Helping to prove the phrase “the show must go on”, Vancouver Civic Theatres has stepped in to ensure God of Carnage sees the footlights of the Vancouver Playhouse following the recent demise of the theatre’s resident company. I only wish the production was as worthy of its place in what will surely be a footnote in Vancouver’s theatre history.
Following a playground fight between their 11-year-old sons, the parents’ children meet to discuss and decide the best course of action in dealing with the aftermath. As the afternoon progresses though, the Novaks’ pristine living room is slowly transformed from a place of civilized discourse into yet another playground fight (minus the missing teeth).
One of the biggest strengths of God of Carnage is in the constant pairing and re-pairing of the four characters by playwright Yasmina Reza. At any given moment married couples are as quick to defend each other as they are to take the side of one of the other adults in the room. This dynamic is fascinating to watch as each of the four inevitably begins to lose it, one quite literally.
In his decision to place more focus on the farcical nature of the gathering, director Miles Potter leaves behind some of the dark comedy, resulting in a show that seems a bit uneven. The build-up to the alcohol-fuelled chaos of the end takes a lot of time and with a short 75 minute run-time it only emphasises the unevenness. This also forced his actors to make entirely different decisions had they not been so over-the-top and it often forced them outside reality in their attempts to match the overall style.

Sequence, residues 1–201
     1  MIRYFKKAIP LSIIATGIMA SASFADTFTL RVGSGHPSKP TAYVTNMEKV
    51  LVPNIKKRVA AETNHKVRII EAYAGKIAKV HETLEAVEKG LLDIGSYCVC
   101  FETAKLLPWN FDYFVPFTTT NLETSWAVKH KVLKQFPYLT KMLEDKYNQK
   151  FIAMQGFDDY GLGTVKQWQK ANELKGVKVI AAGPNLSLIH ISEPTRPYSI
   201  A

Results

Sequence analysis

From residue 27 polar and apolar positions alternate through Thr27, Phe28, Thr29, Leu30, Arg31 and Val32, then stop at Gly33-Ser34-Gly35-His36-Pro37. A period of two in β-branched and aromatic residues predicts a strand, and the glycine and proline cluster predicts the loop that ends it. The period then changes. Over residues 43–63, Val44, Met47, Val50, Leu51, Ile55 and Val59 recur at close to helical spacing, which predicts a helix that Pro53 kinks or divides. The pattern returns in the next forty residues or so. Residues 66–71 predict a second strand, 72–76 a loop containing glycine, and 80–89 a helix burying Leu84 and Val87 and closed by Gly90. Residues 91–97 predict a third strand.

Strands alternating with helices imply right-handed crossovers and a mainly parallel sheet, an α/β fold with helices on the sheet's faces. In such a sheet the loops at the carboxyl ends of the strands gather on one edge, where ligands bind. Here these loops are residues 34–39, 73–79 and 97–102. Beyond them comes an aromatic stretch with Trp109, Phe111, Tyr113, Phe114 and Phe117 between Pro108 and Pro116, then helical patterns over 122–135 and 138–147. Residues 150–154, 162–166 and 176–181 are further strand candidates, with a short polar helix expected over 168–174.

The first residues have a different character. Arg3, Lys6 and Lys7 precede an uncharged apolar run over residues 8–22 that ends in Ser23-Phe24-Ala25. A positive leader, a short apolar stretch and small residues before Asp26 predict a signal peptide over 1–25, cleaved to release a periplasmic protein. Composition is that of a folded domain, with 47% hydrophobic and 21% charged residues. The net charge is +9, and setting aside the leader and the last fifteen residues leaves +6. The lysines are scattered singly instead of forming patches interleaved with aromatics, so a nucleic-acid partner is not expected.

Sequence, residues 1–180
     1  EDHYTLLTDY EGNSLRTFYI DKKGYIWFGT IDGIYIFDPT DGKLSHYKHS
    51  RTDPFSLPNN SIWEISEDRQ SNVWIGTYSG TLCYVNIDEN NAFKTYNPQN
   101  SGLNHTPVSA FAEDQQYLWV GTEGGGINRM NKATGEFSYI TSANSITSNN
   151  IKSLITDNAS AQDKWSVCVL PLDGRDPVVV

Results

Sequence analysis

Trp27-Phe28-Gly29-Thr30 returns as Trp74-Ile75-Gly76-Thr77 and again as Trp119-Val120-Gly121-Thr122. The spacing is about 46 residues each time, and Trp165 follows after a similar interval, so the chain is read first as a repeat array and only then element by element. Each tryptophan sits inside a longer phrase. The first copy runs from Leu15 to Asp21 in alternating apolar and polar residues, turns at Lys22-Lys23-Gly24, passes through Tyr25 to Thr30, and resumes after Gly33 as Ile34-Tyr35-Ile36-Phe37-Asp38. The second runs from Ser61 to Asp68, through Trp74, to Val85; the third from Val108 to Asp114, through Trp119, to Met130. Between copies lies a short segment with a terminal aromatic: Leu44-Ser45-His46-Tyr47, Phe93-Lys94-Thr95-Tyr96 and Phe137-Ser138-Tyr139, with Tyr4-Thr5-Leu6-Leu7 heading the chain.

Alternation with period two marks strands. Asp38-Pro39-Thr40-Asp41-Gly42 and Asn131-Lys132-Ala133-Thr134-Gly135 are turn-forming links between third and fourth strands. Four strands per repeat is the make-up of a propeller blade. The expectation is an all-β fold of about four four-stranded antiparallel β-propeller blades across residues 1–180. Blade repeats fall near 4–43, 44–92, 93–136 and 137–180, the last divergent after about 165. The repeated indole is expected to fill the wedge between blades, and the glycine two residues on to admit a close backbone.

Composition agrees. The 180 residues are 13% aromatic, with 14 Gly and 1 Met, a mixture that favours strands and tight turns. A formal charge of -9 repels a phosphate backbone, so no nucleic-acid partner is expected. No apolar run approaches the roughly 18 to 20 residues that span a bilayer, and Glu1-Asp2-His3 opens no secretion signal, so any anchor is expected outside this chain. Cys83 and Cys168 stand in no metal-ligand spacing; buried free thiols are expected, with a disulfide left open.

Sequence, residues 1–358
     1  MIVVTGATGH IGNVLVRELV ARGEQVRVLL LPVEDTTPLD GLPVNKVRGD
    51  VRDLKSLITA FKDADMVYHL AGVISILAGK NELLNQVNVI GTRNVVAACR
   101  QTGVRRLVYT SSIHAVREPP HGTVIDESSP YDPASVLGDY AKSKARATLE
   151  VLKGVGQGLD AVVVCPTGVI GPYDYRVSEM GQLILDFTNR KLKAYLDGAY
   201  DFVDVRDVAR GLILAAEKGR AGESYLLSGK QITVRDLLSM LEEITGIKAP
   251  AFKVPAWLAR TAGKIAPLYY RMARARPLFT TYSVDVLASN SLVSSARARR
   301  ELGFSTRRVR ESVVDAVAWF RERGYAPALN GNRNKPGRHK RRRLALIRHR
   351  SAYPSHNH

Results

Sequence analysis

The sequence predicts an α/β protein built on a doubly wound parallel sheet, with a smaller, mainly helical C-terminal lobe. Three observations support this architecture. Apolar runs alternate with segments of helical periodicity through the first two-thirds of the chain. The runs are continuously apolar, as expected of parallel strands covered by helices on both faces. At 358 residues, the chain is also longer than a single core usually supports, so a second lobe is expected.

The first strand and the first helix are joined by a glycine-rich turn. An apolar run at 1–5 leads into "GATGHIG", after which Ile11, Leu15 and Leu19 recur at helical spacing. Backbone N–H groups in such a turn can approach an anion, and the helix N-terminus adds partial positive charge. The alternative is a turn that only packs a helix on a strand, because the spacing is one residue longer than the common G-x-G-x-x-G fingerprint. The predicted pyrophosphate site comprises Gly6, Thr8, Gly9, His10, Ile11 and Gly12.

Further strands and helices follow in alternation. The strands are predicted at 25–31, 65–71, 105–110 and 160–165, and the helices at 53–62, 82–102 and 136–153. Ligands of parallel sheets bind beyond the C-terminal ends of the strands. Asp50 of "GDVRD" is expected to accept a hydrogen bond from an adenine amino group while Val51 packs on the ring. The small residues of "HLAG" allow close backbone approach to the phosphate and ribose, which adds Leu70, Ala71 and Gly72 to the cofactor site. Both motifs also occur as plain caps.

Most successful here is John Cassini as the smarmy lawyer whose constant cell phone interruptions adds to the carnage. Cassini’s indifference to the fight and the reason for the parent’s meeting is wonderfully controlled and hints of the different choices possible. The ensemble (Cassini, Oliver Becker, Shauna Black and Vickie Papavs) was most successful when they were simply conversing, allowing the underlying absurdity of what was coming out of their mouths to speak the volumes. Papavs does provide one of the most surprising pieces of business in a little bit of stage magic that should come with a warning lest members of the audience join her.
Set designer Gillian Gallow gives one of the biggest delights of the evening with her tastefully modern living room as if plucked directly from the pages of House and Home, and the perfect canvas for the carnage.
Perhaps not the piece of theatre I had hoped to mark the end of an era, I suppose there is some solace in knowing that it isn’t just the gods that are crazy.
By Yasmina Reza. Translated by Christopher Hampton. Directed by Miles Potter. A Vancouver City Theatres presentation of a Royal Manitoba Theatre Centre production. On stage at the Vancouver Playhouse through May 5, 2012. Visit http://www.vancouverplayhouse.com for tickets and information. Vancouver Civic Theatres has announced $20 rush seating available one hour prior to each performance.